Tired of not finding a place to dance until dawn cracks over Fed Hill? Grab a pair of leather-soled shoes and get fresh with Afro-Brazilian roots at an Argentine milonga. Between now and Monday morning at 3 AM, you can dance all-day and all-night in the ballroom of the grand historic Tremont Plaza Hotel at 22 St. Paul Place.
Tango Element Baltimore gives three nights of freedom to dance (in 2/4 time) for as long as you can last. Master your feet with blind instinct, hand on the flesh your partner bares over red denim pants. Unlike your usual club circuit follies, the name of this game is infinite trust. Dare we venture it? Intimacy. But don’t worry, the scene’s not without it’s eyebrow piercings and black-painted toenails, shaved headed sweethearts, cargo pants with high heels and plenty of tattoos (some peeping out from under a flash of skirt during a leg kick). This is a heaven of tight skirts and pantylines. No one is shy.
Excepting old friends, most of the conversations are conducted by shoe. A white leather shoe speaks volumes when it crosses a red heel. The red heel rebuffs then relents in a serpentine twist that’s untangled in a flash.
Eyes closed, breath bated, you’re ready to follow your partner’s lead. There’s the chiding tease of the instep, a coquetry unmatched by any bump and grind for subtly of seduction. A foot brush is a request. The lady can request right back. The beauty of tango is about delineating boundaries in order to break them. (Astor Piazzolla’s tangos break as many rules as the almighty Beethoven did.)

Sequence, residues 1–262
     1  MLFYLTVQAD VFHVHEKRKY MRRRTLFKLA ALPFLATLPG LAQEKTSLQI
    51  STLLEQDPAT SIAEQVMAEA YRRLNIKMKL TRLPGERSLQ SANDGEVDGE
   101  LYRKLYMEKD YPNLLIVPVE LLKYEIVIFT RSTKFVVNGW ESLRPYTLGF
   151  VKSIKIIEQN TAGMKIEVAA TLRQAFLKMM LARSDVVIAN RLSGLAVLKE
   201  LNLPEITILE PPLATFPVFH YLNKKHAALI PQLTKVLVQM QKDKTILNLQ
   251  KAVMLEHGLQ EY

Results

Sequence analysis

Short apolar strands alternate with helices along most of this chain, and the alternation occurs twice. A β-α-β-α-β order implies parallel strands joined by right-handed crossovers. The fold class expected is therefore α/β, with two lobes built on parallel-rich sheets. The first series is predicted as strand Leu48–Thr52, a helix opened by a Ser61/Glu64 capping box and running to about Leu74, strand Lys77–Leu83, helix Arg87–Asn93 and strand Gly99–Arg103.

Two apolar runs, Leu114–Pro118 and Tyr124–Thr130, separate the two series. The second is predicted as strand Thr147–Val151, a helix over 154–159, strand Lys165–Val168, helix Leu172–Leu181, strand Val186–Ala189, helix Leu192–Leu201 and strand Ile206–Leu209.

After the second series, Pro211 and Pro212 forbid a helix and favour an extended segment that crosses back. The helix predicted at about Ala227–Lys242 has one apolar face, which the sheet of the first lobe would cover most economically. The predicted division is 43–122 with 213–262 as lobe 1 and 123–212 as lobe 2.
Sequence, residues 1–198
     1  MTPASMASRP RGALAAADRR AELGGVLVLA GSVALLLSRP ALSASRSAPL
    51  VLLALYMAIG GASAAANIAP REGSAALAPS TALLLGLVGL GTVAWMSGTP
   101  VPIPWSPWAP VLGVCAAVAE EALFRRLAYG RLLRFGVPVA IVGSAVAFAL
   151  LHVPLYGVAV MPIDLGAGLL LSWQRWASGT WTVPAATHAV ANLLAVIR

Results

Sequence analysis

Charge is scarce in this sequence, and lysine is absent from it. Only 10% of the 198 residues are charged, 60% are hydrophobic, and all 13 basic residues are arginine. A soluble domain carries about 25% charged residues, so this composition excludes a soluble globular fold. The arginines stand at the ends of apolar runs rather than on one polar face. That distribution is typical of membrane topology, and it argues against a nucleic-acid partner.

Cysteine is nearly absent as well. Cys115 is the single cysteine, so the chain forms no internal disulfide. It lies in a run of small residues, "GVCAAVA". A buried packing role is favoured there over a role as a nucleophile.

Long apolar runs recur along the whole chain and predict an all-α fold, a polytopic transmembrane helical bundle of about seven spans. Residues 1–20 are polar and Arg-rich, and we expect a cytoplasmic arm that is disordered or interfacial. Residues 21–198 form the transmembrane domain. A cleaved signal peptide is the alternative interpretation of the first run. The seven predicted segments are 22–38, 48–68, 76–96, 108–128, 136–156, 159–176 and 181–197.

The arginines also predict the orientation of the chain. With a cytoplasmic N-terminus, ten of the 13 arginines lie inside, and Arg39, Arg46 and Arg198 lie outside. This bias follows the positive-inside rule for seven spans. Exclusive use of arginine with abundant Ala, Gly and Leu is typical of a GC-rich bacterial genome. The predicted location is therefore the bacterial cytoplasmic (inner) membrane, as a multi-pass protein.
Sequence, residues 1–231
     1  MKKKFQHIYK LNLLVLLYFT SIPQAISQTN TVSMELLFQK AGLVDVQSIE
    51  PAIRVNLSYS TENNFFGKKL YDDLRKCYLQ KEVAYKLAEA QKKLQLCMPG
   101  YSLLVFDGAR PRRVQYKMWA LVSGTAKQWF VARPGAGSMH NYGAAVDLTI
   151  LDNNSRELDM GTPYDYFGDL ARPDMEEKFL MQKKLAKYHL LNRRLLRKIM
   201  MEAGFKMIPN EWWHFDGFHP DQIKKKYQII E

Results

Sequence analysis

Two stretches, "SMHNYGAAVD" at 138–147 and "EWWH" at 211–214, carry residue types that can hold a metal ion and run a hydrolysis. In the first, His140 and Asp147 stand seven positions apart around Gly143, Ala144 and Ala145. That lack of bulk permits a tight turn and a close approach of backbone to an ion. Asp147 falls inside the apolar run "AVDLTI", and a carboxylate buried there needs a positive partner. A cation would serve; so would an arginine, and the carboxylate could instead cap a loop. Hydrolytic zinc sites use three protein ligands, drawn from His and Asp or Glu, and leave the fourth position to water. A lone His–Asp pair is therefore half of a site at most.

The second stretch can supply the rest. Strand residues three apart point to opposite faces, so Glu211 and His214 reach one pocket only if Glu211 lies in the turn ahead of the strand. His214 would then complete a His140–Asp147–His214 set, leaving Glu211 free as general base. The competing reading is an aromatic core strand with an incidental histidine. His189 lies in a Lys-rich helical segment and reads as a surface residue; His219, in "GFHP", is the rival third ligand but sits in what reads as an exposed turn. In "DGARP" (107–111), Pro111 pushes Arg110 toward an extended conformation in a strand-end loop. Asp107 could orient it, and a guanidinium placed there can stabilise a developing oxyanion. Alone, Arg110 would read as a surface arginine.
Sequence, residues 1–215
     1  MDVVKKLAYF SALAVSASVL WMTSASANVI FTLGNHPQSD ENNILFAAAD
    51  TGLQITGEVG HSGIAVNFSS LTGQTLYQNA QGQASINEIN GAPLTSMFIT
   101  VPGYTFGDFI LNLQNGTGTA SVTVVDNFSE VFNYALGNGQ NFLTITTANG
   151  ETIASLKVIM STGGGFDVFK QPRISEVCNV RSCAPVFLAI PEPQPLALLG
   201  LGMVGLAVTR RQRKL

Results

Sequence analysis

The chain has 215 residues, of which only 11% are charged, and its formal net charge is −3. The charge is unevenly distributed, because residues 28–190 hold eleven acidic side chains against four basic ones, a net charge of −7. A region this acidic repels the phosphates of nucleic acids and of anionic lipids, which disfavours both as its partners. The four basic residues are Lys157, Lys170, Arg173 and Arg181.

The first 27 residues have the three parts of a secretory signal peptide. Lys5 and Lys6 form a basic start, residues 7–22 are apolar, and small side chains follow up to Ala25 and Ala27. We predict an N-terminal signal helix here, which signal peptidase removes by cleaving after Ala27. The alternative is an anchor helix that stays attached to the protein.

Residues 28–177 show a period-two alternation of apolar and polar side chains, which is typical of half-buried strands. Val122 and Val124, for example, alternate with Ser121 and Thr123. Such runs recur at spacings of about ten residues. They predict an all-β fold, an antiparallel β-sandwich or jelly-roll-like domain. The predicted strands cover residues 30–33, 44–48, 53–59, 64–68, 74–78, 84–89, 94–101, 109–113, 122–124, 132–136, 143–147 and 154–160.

There’s the art of looking open and ready to dance even when sitting down, bidding an invitation to stroll onto the floor. When I asked waiting dancer: “Why tango?”
She responds in a heartbeat: “It’s the best cure for a break up.”
She then confides that it’s a “smart” dance. Smart did not only mean sharp footwork. She said she met more PhDs per capita dancing tango than through any other scene. This prowler trekked all the way from Montreal to seduce cheek-to-cheek.
Really all that’s missing is a live bandoneonist, someone who makes fast and bold as lightning on those buttons. Yes, one who plays that sweltering squelch of air and sex box we call the bandoneón. The rumor is one used to play church music on this Argentine cousin of the concertina. So what better sounds to soak into these hallowed old walls of Grand Lodge of Masonic templedom? I had it from the organizer of the event, Callie, that the developer of the new Tremont Grand building came into this space and didn’t have the heart to tear it down. Thanks to him, you’ve got a chance to twine legs in a Gothic church under heavy candle chandeliers, facing a painting of Christ Jesus and his many sainted compatriots on one end, before swinging by the DJ table on the other.
The guests, top-notch performers who show you how it is done didn’t even hit the dance floor until 2 a.m. Mariano “Chico” Frumboli take Mariano Montez into close embrace just as I was bound for the door. (Sigh. Some of us have work at 9 am the next morning).
Try out a milonga for $10-$15. Click here to see the full schedule. Drop in during the day for classes.
All you need: stamina, passion, and leather-soled shoes. (Strappy heels for the ladies).